Most of the attention on the latest Met Office report on the UK climate, in light of the recent extreme heatwave, is likely to be on the temperatures. The conclusion is that the “UK has warmed at a broadly consistent but slightly higher rate than the observed change in global mean temperature”. We can all understand that – after the weather we’ve just had. But it is important the government adopts a systems approach to our rapidly changing climate and looks beyond the headline into the depths of the report.
The report also shows an unseasonal outbreak of frost in April – “the highest on record” – the second-wettest May on record since 1836, and unprecedented bursts of rainfall:
“Two rain-gauges in Cumbria recorded daily totals exceeding 200 mm during some exceptionally wet weather across northern England and southern Scotland in late October. There has been a marked increase in such observations in recent years.”
Imminent threats call for urgent systemic change
That means our human and physical infrastructure needs to be strengthened, with resilience at the forefront of every government decision.
That’s a huge challenge, with the levels of poverty, the terrible quality of our housing stock, and the age and fragility of our transport systems. We start with a heavily privatised society, heavily indebted water companies, and a chaotic energy retail sector – all directed towards profit, not public service.
I’ve stood on many a demonstration chanting “system change not climate change”, but we also need huge systemic changes to deliver climate resilience.
Promoting resilience over growth and vision over chaos
We keep hearing the word ‘growth’ as an endlessly repeated mantra, from both the Conservatives and the Labour Party. Nadhim Zahawi tells Tory party members selecting our next prime minister that Liz Truss will “turbocharge growth” and Rishi Sunak is going to fund tax cuts through economic growth.
Yet with Greens in power what you’d be hearing with similar frequency is ‘resilience’, ensure security and stability in people’s lives – the ground beneath their feet, the food supply they depend on.
That would be wrapped in systems thinking driven by a vision for the future, rather than departmental silos being jerked in different directions by regularly shuffled ministers reacting to the political imperative of the day.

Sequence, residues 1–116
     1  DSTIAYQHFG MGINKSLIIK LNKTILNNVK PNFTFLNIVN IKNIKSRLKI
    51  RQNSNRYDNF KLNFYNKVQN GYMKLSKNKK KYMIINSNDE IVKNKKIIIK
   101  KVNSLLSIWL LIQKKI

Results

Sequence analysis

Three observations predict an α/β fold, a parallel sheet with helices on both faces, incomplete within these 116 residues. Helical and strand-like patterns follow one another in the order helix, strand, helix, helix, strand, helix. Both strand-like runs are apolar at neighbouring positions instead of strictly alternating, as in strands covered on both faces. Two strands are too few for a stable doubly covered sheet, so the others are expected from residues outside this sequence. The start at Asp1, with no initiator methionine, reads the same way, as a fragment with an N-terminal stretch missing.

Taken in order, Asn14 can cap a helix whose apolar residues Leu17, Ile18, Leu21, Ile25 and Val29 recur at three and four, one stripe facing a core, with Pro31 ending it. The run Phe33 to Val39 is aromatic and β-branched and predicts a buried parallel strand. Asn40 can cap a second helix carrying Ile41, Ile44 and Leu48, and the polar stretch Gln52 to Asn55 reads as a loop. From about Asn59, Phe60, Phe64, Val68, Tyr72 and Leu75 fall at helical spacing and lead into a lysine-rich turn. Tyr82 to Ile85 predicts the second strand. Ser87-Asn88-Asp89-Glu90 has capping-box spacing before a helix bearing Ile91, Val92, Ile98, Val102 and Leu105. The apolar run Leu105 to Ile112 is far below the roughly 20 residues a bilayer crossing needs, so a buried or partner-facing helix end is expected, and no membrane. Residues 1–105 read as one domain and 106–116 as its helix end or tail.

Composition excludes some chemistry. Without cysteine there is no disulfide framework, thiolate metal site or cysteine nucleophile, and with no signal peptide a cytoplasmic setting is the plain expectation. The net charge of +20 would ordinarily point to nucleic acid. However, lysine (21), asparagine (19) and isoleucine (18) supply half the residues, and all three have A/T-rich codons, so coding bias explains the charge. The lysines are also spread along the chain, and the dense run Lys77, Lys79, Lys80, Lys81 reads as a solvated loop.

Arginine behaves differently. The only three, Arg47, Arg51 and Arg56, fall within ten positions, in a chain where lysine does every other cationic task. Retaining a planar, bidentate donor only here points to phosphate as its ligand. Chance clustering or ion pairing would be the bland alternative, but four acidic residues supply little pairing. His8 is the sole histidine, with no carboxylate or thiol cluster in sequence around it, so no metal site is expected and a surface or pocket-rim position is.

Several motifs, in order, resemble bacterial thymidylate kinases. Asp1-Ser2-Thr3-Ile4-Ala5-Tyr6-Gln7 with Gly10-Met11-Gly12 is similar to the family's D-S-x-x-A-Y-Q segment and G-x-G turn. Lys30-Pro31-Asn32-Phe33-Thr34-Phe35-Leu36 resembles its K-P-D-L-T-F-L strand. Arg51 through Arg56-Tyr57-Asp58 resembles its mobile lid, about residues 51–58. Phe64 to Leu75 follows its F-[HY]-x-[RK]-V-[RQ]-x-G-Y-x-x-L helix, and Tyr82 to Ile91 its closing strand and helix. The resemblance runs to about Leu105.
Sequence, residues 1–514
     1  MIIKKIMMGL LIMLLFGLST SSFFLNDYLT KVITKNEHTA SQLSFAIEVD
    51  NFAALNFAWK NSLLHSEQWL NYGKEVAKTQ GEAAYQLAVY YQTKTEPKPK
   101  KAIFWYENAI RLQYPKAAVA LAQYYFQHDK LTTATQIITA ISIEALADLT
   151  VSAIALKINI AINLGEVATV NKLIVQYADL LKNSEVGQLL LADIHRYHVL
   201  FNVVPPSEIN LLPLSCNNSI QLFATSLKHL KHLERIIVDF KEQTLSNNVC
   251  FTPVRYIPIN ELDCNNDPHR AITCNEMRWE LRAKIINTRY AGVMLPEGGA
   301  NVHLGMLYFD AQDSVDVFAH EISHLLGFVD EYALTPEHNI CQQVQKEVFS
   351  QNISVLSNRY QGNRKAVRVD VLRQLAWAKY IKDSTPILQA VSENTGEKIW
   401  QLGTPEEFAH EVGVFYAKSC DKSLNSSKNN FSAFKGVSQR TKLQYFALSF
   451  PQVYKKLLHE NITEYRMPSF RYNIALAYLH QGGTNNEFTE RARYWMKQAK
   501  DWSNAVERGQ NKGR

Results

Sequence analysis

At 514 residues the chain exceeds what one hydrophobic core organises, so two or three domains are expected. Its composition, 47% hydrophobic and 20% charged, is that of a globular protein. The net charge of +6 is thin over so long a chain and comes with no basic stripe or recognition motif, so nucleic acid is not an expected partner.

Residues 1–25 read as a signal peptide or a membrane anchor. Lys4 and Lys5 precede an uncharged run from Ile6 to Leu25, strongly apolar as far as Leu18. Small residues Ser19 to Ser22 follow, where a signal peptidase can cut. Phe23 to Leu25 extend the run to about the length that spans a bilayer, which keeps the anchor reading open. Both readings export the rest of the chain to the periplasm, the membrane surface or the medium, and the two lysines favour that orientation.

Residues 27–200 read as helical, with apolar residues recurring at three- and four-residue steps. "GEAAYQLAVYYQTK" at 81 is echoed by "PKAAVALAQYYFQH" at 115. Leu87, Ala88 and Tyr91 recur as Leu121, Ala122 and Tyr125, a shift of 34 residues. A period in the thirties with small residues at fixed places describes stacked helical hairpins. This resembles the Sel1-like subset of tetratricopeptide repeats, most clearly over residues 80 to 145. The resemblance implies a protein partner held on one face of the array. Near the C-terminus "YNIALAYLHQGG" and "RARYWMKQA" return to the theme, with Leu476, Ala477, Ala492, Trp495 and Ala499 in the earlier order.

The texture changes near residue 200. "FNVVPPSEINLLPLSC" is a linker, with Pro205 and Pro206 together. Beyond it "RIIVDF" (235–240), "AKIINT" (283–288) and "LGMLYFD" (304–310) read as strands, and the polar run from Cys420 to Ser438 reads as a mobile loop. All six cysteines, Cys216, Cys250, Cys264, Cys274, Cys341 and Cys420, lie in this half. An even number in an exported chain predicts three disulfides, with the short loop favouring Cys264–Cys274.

The National Drought Group should be meeting regularly and planning for the droughts we know will be coming in five, ten and 20 years’ time, working out what water management systems we need, what crops we need, mapping out what building regulations will be fit for the future, for droughts and floods and everything in between.
Our society is profoundly fragile and kneejerk reactions to each crisis that arises, whether it is drought or hunger or labour shortages, fail to address the underlying issues.
Allowing corporate profits to soar – be it for water companies, or oil and gas companies – while they fail to invest in essential infrastructure demonstrates that we cannot afford the current model of privatisation and financialisation.
Government must move faster to ensure sustainable land use
The House of Lords was ahead of the government in setting up a land use select committee (credit to Labour’s Baroness Young of Old Scone for driving that forward), and the government has now, belatedly, acknowledged that it needs to have what it is calling a land use framework that was due for publication about now, but has been delayed by Boris Johnson’s resignation.
England needs to follow Scotland and Wales in ensuring that serious, joined up thought and planning ensures this scant resource is used sustainably for the many social, environmental and economic demands we need to meet.
Many campaign groups are doing the work the government needs to draw on – I’d single out the Sustainable Food Trust report Feeding Britain from the Land Up as just one example – but only government leadership can take us in a direction that conserves our water, air and soils.
It is particularly disappointing that after my amendment making soils a priority area in the now Environment Act (joining air and water), it was knocked out by the government in the Commons. The quality of our soils is of course absolutely crucial in the prevention of both droughts, flooding, and of course, food security at this critical time.
As the realities of the climate emergency become glaringly apparent, the necessity to secure a sustainable environmental roadmap regarding land use – one that is grounded in adaptive resilience and propelled by deeper systemic change – has never been more critical. And far better, faster decision-making on environmental support for farmers has never been more critical.
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